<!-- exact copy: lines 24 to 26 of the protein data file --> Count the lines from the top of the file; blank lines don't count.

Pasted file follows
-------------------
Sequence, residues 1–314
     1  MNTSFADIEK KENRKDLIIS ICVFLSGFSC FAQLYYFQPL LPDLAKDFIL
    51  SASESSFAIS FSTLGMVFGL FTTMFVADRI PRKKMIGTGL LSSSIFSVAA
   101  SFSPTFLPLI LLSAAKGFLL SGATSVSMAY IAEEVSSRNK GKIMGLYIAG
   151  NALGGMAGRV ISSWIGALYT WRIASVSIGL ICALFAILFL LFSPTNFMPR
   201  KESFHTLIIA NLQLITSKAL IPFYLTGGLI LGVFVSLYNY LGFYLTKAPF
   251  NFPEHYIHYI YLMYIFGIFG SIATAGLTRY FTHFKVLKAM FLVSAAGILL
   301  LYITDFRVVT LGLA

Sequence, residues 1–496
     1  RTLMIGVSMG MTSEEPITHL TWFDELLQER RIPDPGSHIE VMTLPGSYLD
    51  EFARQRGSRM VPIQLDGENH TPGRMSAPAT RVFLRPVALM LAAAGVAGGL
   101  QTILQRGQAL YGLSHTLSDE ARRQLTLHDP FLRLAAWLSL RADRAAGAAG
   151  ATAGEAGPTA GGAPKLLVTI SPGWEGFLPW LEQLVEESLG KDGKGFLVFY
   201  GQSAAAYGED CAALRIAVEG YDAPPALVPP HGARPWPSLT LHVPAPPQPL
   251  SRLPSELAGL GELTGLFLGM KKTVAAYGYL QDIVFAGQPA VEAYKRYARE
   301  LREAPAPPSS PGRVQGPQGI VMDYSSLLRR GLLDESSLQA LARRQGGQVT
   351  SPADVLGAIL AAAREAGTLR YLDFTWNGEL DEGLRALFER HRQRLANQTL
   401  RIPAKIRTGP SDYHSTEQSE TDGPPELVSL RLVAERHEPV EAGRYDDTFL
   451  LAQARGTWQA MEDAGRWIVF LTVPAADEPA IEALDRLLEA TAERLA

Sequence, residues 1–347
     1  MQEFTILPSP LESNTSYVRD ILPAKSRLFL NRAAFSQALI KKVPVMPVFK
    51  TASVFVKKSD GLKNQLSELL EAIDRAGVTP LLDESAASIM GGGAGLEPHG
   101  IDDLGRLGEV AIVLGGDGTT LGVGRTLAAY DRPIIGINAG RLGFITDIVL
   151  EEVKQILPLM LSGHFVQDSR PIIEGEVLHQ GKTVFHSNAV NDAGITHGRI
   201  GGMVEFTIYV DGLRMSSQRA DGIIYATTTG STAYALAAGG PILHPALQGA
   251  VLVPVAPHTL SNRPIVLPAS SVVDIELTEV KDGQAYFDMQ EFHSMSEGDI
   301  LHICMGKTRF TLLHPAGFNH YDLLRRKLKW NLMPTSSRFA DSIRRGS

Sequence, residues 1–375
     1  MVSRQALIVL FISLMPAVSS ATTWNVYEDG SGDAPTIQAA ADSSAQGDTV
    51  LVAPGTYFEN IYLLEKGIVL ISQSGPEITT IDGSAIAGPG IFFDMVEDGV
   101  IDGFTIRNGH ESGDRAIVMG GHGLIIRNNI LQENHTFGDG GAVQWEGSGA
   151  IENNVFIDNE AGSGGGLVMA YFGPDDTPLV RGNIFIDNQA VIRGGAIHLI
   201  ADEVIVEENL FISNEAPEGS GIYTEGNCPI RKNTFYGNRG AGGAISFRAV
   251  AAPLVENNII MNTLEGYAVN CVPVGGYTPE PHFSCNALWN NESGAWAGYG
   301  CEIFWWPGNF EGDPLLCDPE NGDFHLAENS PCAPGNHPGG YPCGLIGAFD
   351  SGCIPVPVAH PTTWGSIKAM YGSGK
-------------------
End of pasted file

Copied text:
   151  EEVKQILPLM LSGHFVQDSR PIIEGEVLHQ GKTVFHSNAV NDAGITHGRI
   201  GGMVEFTIYV DGLRMSSQRA DGIIYATTTG STAYALAAGG PILHPALQGA
   251  VLVPVAPHTL SNRPIVLPAS SVVDIELTEV KDGQAYFDMQ EFHSMSEGDI